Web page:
As film-making group ReRun Productions we produced a series of documentaries on the world-views and environmental philosophies of indigenous peoples, as well as films on philosophers such as Jacques Ellul and Arne Naess, who provide a critical analysis of techno-industrial society. These films include, among others: The Earth is Crying (1987), It’s Killing the Clouds (1992), The Betrayal by Technology (1992), and The Call of the Mountain (1997). For more, see below.
Here is an overview of some of interviews that I conducted in the context of making these documentaries, such as with philosophers Arne Naess (Norway), Jacques Ellul (France), Ton Lemaire (Netherlands), and artist Antony Gormley (United Kingdom).
The Body as Teacher (‘Het lichaam als leraar’)
On the beginning, the end and the infinity of the body
“The body is more interesting than a rock because it contains a mind”, says British sculptor Antony Gormley, who has been using his body as the basis for his work for thirty years now. He calls the body the place where everything happens; it contains the essence of our existence. Birth, death and detachment from the body play an important role in his work. Gormley, learns from his body whenever a plaster cast is made of it for a statue. “If you accept this state of immobility, your mind becomes incredibly free!” “Everybody is the result of another body, and eventually we merge again with the large all-encompassing body of the cosmos.” Can this body have any significance after we die?
While Gormley’s body is immortalized in metal, and will, therefore, outlive him, some people make their body available to the anatomy classes of medical students. Lee Ning Ning is a young doctor in training who initiates us into the special approach to the body in a hospital in Taiwan. The dead body isn’t reduced to a mere object, but in according with Buddhist tradition the person who belonged to it is cherished as a source of life. He is referred to as the silent teacher.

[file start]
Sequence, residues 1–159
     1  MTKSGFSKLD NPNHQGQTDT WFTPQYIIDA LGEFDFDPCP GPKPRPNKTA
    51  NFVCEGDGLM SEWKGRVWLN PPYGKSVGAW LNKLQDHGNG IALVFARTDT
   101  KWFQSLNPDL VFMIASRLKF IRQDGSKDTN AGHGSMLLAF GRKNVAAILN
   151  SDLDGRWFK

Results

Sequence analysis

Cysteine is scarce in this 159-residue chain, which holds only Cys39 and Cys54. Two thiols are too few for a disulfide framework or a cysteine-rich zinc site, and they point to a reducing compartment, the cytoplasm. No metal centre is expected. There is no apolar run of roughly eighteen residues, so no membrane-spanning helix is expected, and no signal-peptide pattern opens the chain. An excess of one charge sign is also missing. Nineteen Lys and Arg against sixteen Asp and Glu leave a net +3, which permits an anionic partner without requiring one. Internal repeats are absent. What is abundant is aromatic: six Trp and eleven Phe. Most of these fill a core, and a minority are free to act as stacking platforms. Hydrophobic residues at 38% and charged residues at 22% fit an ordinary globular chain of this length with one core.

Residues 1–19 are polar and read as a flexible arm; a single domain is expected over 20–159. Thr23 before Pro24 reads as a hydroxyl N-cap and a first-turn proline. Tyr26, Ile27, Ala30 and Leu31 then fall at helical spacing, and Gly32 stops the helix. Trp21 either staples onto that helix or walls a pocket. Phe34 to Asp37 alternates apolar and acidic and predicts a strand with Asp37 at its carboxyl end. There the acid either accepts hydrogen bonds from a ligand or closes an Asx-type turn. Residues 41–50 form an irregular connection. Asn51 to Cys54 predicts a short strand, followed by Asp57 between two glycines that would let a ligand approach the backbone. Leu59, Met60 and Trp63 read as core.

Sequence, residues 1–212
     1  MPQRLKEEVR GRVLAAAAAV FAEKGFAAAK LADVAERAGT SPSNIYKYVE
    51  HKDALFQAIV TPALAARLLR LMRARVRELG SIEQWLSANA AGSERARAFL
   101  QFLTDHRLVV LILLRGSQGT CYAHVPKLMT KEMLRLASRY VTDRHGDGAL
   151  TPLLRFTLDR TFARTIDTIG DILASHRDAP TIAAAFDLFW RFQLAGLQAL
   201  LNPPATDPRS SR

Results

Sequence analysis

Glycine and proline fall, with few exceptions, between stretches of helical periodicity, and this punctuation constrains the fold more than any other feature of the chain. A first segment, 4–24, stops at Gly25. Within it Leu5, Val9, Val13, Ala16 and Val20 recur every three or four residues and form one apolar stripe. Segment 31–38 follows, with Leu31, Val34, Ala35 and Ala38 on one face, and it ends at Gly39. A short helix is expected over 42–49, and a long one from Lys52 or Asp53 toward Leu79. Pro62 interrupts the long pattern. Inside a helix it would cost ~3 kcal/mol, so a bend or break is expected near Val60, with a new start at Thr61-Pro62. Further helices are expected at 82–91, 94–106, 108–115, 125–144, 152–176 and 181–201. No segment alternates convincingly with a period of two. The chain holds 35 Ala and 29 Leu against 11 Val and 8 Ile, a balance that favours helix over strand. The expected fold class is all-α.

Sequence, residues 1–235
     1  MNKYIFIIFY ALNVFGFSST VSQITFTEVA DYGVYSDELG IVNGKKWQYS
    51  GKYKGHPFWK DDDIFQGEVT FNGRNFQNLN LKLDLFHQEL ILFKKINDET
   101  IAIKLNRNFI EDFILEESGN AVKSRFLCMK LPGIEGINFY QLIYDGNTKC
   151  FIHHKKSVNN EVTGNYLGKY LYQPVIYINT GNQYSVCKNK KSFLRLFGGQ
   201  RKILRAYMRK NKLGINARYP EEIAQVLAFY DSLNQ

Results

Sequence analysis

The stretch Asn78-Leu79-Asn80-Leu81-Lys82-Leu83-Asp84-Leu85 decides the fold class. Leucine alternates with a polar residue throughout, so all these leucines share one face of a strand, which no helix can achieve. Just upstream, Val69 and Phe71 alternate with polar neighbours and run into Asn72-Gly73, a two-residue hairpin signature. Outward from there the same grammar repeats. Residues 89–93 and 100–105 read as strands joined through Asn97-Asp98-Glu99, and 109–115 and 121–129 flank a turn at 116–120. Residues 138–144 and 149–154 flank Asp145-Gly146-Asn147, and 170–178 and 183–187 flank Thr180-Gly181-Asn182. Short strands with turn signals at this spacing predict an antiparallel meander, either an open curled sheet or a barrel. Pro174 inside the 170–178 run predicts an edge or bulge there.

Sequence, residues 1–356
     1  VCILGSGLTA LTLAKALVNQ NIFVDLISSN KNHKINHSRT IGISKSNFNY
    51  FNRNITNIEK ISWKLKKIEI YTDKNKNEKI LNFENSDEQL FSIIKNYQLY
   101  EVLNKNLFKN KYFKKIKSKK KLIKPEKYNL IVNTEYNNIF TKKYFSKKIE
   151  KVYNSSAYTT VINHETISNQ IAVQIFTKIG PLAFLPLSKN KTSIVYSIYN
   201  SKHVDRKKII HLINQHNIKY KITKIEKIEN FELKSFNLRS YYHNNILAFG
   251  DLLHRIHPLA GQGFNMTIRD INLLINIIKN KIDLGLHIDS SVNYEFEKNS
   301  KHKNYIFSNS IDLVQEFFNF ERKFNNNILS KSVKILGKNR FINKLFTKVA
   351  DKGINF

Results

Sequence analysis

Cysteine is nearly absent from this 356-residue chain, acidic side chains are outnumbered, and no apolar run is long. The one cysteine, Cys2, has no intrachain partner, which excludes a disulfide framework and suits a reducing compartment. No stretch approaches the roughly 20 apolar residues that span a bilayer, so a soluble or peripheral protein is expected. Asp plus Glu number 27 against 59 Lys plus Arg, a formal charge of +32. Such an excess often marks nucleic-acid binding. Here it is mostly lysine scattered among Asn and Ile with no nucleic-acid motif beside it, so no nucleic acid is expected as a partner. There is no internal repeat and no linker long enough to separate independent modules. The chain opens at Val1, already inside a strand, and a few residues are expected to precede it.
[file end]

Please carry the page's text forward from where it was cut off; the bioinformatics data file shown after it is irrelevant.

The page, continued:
2010, director/camera/editor: Pat van Boeckel. Interview with Antony Gormley: Jan van Boeckel. 30 minutes, in English, with Dutch subtitles.
The Call of the Mountain
Arne Naess and the Deep Ecology Movement
1500 metres above sea level, on the slope of the mountain Hallingskarvet, stands Tvergastein, the cabin of Norwegian philosopher Arne Naess. In his life he has spent nearly 12 years in this hut, where he wrote several books and essays on philosophy and ecology. In this film, Naess tells about the concept of deep ecology, which was first introduced by him in 1973. One of the basic tenets of deep ecology is that nature has a value in itself, apart from its possible use value to humans. Next to being a famous mountaineer, Naess has been a longtime activist in the environmental movement. He gives an inspiring account of his participation in blockades to prevent the Alta river in northern Norway (the area of the Sami, an indigenous people) from being dammed. With contributions by Helena Norberg-Hodge, Vandana Shiva, Bill Devall, George Sessions and Harold Glasser.
1997, 50 minutes, English. Link to film subtitles (only in English).
The Betrayal by Technology
A Portrait of Jacques Ellul